Students making promise for future

John Ingram, and Beacon ambassadors Ebony Darlow, Rhiannon Whitson, Cody Fennell, Kyrah Howell, Nara Langdon, Ally Harrington, Elysia Wheadon, Maddison Brook and Teri Jackson

From left, Colac Secondary College assistant principal John Ingram, and Beacon ambassadors Ebony Darlow, Rhiannon Whitson, Cody Fennell, Kyrah Howell, Nara Langdon, Ally Harrington, Elysia Wheadon, Maddison Brook and Teri Jackson.

COLAC Secondary College students will make a promise next week about their own futures.

The school’s Year 10 students can attend a charter night on March 28, where they will sign a pledge to either stay in school or go on to further employment or training.

Geelong Cats footballer Tom Lonergan will be a guest speaker on the night, which parents can also attend.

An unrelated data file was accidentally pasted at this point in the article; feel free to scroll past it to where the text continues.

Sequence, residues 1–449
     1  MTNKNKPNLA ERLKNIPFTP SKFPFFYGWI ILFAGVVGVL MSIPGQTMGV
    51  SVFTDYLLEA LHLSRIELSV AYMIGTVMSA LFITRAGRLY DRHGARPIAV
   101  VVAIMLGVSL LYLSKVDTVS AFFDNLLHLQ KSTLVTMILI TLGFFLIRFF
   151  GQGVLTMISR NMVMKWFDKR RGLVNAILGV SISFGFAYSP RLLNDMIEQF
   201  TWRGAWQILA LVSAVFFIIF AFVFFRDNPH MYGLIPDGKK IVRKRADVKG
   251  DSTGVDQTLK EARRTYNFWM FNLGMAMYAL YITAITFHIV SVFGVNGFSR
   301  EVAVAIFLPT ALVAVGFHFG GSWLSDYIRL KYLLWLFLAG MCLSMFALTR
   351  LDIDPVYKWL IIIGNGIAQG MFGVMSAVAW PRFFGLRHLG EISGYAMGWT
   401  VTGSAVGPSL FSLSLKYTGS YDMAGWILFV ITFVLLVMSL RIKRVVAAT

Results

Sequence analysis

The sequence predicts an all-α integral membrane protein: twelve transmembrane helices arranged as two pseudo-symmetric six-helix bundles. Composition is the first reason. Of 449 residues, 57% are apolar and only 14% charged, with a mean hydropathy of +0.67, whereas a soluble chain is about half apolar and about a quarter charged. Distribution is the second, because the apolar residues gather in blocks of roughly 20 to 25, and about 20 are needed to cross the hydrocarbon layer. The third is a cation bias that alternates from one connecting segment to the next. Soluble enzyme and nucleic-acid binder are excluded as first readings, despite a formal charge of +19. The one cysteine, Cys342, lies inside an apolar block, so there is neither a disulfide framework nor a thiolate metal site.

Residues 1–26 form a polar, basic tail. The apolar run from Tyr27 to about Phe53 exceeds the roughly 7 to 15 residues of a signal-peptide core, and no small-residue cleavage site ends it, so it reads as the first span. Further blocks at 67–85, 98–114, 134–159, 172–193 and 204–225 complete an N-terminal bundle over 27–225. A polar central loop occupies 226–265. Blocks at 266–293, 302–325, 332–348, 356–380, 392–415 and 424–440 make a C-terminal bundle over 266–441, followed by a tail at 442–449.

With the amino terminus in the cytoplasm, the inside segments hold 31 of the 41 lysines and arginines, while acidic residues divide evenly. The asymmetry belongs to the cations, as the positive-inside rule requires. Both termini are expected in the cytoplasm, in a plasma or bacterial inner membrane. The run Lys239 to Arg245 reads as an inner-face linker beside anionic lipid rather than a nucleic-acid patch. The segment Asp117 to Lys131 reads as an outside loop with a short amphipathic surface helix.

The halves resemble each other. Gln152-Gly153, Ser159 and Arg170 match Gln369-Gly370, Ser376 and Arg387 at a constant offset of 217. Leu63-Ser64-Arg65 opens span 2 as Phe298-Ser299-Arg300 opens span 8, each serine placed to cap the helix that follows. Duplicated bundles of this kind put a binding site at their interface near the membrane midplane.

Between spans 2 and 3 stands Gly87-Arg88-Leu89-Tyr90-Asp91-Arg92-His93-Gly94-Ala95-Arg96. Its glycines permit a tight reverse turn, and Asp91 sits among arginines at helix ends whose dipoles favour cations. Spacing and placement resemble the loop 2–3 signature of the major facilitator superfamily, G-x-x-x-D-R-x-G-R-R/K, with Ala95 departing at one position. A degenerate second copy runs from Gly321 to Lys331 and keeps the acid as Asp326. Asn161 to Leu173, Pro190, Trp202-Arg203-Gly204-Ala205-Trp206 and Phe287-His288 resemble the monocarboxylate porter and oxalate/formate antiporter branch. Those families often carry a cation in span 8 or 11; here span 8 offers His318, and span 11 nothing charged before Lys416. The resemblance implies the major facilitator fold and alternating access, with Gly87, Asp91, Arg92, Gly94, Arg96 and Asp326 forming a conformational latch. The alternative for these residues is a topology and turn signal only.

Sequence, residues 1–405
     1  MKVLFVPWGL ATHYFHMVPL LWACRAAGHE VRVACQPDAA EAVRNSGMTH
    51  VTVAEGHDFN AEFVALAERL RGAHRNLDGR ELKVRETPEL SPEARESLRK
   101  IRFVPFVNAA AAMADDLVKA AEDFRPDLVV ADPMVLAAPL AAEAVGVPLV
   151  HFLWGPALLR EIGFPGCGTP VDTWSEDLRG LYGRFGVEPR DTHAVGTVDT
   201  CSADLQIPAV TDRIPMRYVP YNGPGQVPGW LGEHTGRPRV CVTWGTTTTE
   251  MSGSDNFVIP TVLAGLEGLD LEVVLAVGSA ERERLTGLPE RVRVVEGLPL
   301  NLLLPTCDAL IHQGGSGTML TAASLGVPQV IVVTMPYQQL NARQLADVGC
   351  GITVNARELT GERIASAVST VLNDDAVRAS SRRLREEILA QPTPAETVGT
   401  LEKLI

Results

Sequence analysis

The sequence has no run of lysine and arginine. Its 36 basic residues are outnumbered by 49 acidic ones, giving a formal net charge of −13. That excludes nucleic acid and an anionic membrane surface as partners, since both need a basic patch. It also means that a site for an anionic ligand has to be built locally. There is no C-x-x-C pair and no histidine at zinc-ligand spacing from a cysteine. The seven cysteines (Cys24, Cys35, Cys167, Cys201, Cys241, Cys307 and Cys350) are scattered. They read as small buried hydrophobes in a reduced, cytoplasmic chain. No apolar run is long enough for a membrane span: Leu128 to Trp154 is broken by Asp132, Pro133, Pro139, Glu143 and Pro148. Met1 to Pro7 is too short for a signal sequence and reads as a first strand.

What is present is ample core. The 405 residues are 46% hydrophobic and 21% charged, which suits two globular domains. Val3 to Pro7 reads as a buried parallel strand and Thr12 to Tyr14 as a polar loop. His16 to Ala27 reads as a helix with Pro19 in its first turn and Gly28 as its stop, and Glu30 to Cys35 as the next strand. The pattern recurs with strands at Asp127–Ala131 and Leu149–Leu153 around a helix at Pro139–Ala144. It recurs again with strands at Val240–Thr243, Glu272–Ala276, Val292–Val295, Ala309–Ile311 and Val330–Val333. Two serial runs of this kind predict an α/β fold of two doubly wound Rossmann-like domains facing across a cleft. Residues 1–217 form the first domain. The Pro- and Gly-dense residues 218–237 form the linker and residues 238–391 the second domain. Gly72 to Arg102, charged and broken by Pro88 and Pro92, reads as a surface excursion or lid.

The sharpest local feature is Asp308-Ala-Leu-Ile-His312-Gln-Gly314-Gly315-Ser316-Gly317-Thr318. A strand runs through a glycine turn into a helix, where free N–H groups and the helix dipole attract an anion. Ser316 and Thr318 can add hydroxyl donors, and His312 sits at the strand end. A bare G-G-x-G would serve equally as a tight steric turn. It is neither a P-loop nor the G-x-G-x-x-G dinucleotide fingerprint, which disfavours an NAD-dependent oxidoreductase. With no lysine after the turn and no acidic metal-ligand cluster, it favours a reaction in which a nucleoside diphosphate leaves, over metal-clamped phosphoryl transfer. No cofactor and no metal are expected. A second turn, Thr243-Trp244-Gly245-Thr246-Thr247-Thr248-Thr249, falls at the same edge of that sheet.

The school has chosen nine student ambassadors to lead the school’s Beacon activities this year.

Beacon aims to raise student skills and opportunities by linking schools with businesses.

Ambassador Teri Jackson said signing the pledge was a commitment.

“If you sign it, you’ve got to be willing to do it, not just sit and do nothing,” Teri said.

She said she wanted to become an ambassador because she wanted to improve her public speaking.

“And I just wanted to try something new and be able to talk to people without hesitation.”

Fellow Beacon ambassador Maddison Brooke said the program gave the group a chance to organise events.

“There’s going to be a lunch with 20 Year 10 girls where inspirational women come and talk to them,” Maddison said.

She said the school was looking for sponsors for the inspirational talks.

Ambassador Rhiannon Whitson said the group was also organising the school’s annual business breakfast to strengthen ties with businesses.

Rhiannon said other events on the agenda were a polish program, where students learnt how to present themselves in interviews, and mock interviews with business leaders.

Beacon Foundation regional partnership manager Sonia van Kempen said the program’s results “speak for themselves”.

“Students attending schools in which the Beacon program operates are five times less likely to be disengaged from earning or learning than the national rate,” she said.

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